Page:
My research program adopts a broad and integrative approach to the study of chronic musculoskeletal pain, incorporating both basic and clinical sciences. A major arm to my research program is investigating the underlying pathophysiologic mechanisms using both animal and human models. My research also aims to advance reliable diagnostic criteria (imaging, biomarkers) and physical assessment techniques (quantitative sensory testing, electromyography) that enable effective and reliable treatment and management strategies. By emphasizing transdisciplinary and multi-institutional collaborations, my research program will continue to inform future clinical and experimental initiatives in the field of chronic musculoskeletal pain.Learn More
Skeletal muscle is a remarkable tissue which regulates many metabolic processes, generates heat and is the basic motor of locomotion allowing us to meaningfully interact with our environment. When a muscle is activated at various lengths it produces a given predictable amount of force. However, when that muscle is actively lengthened or shortened those predictions go out the window. We actually know very little regarding dynamic muscle contraction. My research program focuses on muscle contractile properties and gaining a deeper understanding of how muscle works. I use altered states to tease out some of these fine muscle details such as muscle fatigue, aging, and training.Learn More
Our research centres on the application of physical activity and other acute/chronic perturbations to human physiology to understand how and why the body adapts to these stresses. We take an integrative systems approach, with our work focusing on interventions and assessments of cardiovascular, respiratory and muscular physiology. Specific focus areas include projects to understand the effects peripheral blood flow manipulation, the consequences of particularly stressful exercise, and novel training methods to optimize targetted physiological adaptations. From a health perspective, we are interested in understanding how exercise can be used to prevent and control risk factors for cardiovascular and cardiometabolic disease.Learn More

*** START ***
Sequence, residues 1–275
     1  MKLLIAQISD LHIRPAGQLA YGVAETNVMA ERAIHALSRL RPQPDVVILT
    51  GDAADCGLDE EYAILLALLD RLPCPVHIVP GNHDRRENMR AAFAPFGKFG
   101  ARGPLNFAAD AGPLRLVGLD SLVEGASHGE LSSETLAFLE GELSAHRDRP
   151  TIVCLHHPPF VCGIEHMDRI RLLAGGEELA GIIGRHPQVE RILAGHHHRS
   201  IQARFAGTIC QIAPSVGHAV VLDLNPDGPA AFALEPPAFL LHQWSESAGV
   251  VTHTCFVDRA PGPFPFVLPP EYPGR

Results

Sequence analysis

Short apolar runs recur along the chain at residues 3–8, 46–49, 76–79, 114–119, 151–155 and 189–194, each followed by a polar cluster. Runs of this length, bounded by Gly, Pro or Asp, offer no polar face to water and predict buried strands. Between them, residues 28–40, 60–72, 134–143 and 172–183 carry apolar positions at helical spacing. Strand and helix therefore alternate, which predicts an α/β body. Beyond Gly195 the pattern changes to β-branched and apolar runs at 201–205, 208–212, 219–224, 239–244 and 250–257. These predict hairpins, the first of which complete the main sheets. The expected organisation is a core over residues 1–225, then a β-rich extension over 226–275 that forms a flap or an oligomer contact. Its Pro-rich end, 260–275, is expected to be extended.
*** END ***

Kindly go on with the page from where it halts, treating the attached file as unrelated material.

Prof. Dawson studies the impact of inherited changes in heart muscle proteins to understand what is going wrong in patients with heart diseases so that we can develop specific strategies to treat the problem. His research takes the research from molecules to organisms, studying the biochemistry of proteins and the development and physiology of zebrafish with changes in their hearts reflecting those seen in people with diseases.
Prof. Dawson's education research focuses on learning outcome assessment in general and the development, implementation, and assessment of critical thinking through higher education science curricula in particular.
Our research is dedicated to understanding mechanisms that dictate healthy function of the human spine, and ultimately the causes and consequences of low back injury and pain. To do this we study the mechanics and physiology of the lumbar spine and its musculature. We use both human and animal models to understand different aspects of how spine movement is achieved and what "normal" movement looks like, the role of muscle in producing this movement and stabilizing the spine, and how the spine and muscle both adapt to injury and how they can be rehabilitated from injury.Learn More
The primary aim of my research is to better understand the mechanisms that control, and functional consequences of, sympathetic outflow at rest and during stress in humans with and without cardiovascular disease. To uncover these mechanisms, my laboratory employs direct intra-neural recordings of postganglionic sympathetic traffic, studying both multi- and single-fibre preparations. Additionally, we are also interested in understanding the mechanisms responsible for the large inter-individual variability in blood pressure responses to stress, as well as testing novel interventions to reduce resting blood pressure, a major modifiable risk factor for cardiovascular disease.Learn More